The French market watchdog has levelled a €5m (£4.5m) fine against the energy giant EDF for misleading investors about the cost of the Hinkley Point C new nuclear project.
The regulators found that the French state-owned energy company spread “false information” about its agreement with the UK government to build Britain’s first nuclear reactors in more than 20 years.
The AMF, France’s financial markets authority, said the company may have set EDF’s share price “at an abnormal or artificial level” by claiming in a news release dated October 2014 that the terms of its deal with the UK government were “unchanged” from the 2013 agreement.
“There had in fact been significant changes to the financing plan by guaranteed debt,” according to the AMF.
They also levelled a €50,000 fine of €50,000 against Henri Proglio, EDF’s chief executive officer at the time, for overseeing the company’s failure to disclose key changes to the Hinkley Point contract.
The fine was handed down amid growing frustration in France over the “unacceptable” delays and cost overruns at the Hinkley Point project, which EDF is building alongside the Chinese nuclear company CGN.
EDF, which declined to comment on the fine, warned on Thursday of a “high” risk of further delays to the project due to the coronavirus pandemic, which could push back Hinkley’s start-up date to 2027 and raise costs further.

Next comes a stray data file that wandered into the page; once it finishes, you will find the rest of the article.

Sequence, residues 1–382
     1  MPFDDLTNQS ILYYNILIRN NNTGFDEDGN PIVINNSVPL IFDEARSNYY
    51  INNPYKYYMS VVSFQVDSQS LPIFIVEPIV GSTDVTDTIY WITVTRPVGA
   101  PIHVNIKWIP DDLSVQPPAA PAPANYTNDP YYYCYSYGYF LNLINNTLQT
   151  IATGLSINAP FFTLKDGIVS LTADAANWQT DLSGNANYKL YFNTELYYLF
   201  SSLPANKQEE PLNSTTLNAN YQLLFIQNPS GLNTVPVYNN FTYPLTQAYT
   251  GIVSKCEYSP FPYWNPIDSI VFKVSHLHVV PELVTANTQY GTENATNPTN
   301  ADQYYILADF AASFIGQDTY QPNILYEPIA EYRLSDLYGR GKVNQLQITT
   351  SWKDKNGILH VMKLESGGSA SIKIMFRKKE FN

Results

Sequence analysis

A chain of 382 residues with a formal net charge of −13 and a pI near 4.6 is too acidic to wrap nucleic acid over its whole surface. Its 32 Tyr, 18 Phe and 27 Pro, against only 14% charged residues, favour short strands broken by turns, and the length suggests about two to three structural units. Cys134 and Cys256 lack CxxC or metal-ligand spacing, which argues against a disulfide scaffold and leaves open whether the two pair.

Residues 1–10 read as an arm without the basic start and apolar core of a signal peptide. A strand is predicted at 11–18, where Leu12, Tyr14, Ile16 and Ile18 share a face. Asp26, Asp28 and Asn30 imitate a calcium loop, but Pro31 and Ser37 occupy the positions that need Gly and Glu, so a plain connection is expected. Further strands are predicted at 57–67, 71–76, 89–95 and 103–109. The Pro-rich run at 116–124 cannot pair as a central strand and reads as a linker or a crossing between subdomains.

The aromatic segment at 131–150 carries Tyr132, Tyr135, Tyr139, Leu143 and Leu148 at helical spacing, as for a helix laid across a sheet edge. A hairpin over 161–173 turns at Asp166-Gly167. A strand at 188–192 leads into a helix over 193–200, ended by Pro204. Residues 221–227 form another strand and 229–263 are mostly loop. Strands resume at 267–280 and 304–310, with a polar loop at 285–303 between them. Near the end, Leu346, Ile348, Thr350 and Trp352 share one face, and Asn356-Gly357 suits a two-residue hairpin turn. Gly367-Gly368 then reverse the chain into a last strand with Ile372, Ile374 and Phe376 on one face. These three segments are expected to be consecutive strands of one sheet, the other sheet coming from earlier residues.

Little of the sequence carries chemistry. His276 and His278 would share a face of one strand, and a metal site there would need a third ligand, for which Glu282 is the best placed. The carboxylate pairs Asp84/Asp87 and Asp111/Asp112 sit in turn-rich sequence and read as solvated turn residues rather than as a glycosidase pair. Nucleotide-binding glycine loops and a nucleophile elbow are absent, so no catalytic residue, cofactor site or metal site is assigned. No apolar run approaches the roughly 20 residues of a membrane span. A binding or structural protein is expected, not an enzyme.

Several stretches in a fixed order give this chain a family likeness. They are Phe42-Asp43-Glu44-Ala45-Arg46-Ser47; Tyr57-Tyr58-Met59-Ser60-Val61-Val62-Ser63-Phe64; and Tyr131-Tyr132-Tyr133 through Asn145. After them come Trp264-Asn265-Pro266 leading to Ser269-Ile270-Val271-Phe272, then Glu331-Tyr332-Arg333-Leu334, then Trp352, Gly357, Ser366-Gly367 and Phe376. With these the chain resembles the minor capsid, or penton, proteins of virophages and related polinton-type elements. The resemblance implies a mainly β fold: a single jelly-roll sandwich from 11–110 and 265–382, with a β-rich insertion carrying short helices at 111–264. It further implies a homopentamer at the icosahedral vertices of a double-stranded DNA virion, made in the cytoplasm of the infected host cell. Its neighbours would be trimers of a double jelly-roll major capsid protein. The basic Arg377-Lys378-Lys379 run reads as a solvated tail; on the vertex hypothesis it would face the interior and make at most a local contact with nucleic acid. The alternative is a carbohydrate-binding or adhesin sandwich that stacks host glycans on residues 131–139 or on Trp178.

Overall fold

The project was forecast to cost £18bn when it received the green light from the UK government in 2016, but EDF estimates the costs have since climbed to between £21.5bn and £22.5bn.
In the UK, concerns over China’s involvement in the project are steadily rising as diplomatic tensions between China and western nations continue to mount.
EDF hopes to build a follow-up project with its Chinese partners at Sizewell B on the Suffolk coast, but the UK government has delayed plans to set a new financing framework for the project while MPs within the Conservative party call for a review of China’s involvement in Britain’s nuclear ambitions.